One of us lives on the east coast. One of us lives on the west.

One of us lives in a rural community. One of us lives in a city.

Both of us wander. Both of us witness. Both of us write.

This is a record of what we find.

Thursday, February 24, 2011


I was down at Fort Mason today to sneak a peek at the conference room that my wonderful writer friend and fellow VCFA MFA graduate, Ann Jacobus, and I have rented for the upcoming class we’re team-teaching in April and May. The course, Writing the Children’s Novel, will be offered Monday afternoons from 12:15 to 2:45.  We’re so excited to be doing this at Fort Mason!

Situated on 13 acres of historic buildings and piers right on the Bay, Fort Mason houses over 50 non-profit cultural, educational and environmental organizations including the world famous pioneer of vegetarian cuisine, Green’s restaurant, opened in 1979 by the San Francisco Zen Center. (And for many years, only employed Zen students as part of their Buddhist practice of attentiveness and caretaking.) 

There’s also Readers' Book Store and Café, run by volunteers to benefit the San Francisco Public Library. It’s one of my favorite places in the city to pass time and spend a little cash. 

I have so many strong and positive associations with this amazing facility; watching one of my daughters perform in Pippin at the Young Performer’s Theater years ago and more recently the other daughter dance on stage at the Cowell Theater with her Eurythmy Troop; Susan Fletcher’s fantastic workshop on writing Historical Fiction and Fantasy for children in 2008; the weekend Vermont College of Fine Arts alumni retreat last summer; sitting on a bench watching sail boats in the Bay, eating vegetable curry from Green’s restaurant with writer friend Lynn Hazen after perusing the Renegade Craft Fair and buying a real butterfly wing necklace; discovering Steele Winery’s Writer’s Block Syrah at the California Family Winemaker’s tasting; watching Word-for-Word perform A Child’s Christmas in Wales as a Christmas treat at the Magic Theater.

Fort Mason’s non-profits also include BATS Improv Theater, Blue Bear School of Music, SFMOMA Artists Gallery, (where you can rent beautiful paintings for a reasonable monthly charge), Long Now Museum & Gallery (with the Rosetta Project which is archiving all documented human languages), California Lawyers for the Arts, Environmental Traveling Companions,  and the San Francisco Children’s Art Center.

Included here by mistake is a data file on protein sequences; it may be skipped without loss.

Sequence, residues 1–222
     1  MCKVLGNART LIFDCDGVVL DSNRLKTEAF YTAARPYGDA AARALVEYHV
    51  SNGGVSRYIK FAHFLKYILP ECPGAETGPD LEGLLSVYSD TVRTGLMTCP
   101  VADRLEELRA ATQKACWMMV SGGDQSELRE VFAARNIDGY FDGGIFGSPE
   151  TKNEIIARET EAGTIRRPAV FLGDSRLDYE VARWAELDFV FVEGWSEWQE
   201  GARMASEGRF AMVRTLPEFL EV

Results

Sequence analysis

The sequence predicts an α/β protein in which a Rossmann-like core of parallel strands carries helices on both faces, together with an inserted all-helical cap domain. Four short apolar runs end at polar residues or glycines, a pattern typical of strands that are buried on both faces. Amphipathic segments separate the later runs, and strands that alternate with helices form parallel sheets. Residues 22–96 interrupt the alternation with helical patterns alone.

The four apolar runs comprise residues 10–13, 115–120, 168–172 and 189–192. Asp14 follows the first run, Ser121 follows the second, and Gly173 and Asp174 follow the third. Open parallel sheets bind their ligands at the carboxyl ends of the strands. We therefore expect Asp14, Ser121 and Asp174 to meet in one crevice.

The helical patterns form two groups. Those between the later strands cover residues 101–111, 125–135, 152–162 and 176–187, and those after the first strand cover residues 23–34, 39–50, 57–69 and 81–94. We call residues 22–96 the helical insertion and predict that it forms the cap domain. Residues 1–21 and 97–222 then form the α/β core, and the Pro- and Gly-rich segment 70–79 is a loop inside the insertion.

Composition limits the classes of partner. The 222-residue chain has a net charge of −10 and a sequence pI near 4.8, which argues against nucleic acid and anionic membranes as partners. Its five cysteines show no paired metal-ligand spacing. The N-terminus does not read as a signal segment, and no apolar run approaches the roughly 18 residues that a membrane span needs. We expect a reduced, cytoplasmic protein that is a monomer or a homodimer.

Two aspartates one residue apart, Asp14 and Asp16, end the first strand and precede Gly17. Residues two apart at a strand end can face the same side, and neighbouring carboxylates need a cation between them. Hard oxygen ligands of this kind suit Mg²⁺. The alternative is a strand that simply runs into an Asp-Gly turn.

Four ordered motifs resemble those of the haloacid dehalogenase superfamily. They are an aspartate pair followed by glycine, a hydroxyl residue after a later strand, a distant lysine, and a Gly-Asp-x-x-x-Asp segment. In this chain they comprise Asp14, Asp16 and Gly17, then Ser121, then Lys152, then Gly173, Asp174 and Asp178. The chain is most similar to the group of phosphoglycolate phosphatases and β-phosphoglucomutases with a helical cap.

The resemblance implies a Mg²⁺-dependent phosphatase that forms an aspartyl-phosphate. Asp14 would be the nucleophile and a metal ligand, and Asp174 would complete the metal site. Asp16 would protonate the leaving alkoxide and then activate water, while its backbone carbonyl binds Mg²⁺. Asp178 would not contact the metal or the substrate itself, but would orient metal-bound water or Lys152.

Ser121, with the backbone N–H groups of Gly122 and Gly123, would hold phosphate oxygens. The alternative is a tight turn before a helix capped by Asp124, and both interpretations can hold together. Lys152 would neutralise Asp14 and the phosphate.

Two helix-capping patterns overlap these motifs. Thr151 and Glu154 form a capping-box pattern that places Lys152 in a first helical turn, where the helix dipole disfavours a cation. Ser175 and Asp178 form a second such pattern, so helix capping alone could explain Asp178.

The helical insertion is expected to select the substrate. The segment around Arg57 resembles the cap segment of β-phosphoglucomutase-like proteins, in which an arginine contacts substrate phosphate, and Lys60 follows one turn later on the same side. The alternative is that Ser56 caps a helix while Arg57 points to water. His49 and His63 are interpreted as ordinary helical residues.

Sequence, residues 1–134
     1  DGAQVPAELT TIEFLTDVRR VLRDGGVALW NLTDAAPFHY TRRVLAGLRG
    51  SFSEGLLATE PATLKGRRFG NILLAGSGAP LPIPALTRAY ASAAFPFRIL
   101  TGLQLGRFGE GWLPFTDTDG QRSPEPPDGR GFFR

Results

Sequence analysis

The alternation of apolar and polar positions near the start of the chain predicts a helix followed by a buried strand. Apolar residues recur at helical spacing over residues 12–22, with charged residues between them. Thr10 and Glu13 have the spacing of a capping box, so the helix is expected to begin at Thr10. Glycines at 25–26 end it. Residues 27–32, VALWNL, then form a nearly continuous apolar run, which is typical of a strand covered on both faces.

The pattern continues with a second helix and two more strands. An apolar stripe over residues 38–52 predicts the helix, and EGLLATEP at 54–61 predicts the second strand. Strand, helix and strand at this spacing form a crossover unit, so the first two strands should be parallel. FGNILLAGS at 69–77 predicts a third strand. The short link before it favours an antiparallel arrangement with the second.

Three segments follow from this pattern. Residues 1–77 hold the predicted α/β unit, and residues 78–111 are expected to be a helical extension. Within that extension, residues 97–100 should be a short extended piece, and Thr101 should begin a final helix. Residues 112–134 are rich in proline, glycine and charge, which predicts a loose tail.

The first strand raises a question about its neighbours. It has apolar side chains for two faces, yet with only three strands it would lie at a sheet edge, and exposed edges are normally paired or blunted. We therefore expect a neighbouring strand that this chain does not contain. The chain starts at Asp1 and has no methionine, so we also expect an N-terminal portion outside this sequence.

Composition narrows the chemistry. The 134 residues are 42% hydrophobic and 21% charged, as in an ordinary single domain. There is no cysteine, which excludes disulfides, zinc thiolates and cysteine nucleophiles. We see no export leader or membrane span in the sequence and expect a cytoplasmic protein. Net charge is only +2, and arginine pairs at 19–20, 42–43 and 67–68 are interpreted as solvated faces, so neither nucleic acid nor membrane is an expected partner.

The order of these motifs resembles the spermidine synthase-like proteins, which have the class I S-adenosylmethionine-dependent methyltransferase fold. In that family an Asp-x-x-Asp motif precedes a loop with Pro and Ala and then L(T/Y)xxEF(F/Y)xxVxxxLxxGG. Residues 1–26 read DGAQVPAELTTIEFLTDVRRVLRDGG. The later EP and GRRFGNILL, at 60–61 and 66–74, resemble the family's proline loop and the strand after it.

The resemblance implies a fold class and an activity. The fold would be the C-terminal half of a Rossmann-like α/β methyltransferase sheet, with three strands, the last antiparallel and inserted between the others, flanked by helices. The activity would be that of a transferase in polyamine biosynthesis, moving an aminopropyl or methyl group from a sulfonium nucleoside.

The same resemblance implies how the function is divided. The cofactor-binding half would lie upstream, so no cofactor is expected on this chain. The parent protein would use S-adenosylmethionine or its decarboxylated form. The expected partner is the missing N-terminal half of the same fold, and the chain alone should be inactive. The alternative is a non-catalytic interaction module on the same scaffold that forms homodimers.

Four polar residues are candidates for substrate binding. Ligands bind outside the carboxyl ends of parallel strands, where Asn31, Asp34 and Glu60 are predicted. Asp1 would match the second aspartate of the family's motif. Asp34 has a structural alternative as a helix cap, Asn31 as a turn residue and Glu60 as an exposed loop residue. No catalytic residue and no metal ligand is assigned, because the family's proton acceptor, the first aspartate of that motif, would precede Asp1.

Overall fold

I'm not sure there's any place in the whole world like Fort Mason; it is truly one of San Francisco’s treasures!


Thursday, February 17, 2011

The More Things Change, the More They Stay the Same

I need to be reminded that things change right about now. As February shivers on, and the temperature hovers around 0 degrees Fahrenheit, and the ice-crusted snow remains up to the top of my thighs…well, you get the picture. I am oh-so-stiff from the cold, and also from the static landscape that surrounds me.

(And I am only talking about external factors here. I could go on and on about the internal ones too. But I won’t!)

My friend, Lisa, gave me the reminder I needed though. After cross-country skiing around the field at the end of our road, we stood for a moment, the wind whipping across our faces, freezing our foreheads, practically penetrating our brains. We looked back at the field. I complained about the dizzying sameness of it all. But Lisa reminded me that underneath all that snow is a corn field. So in the spring it will be planted. And then the corn will grow. And summer will come. And then the corn will be harvested. And fall will arrive. And then the field will be plowed and tilled in anticipation of the next growing season. And all the while I will ski, then run, then ski again around its vast perimeter.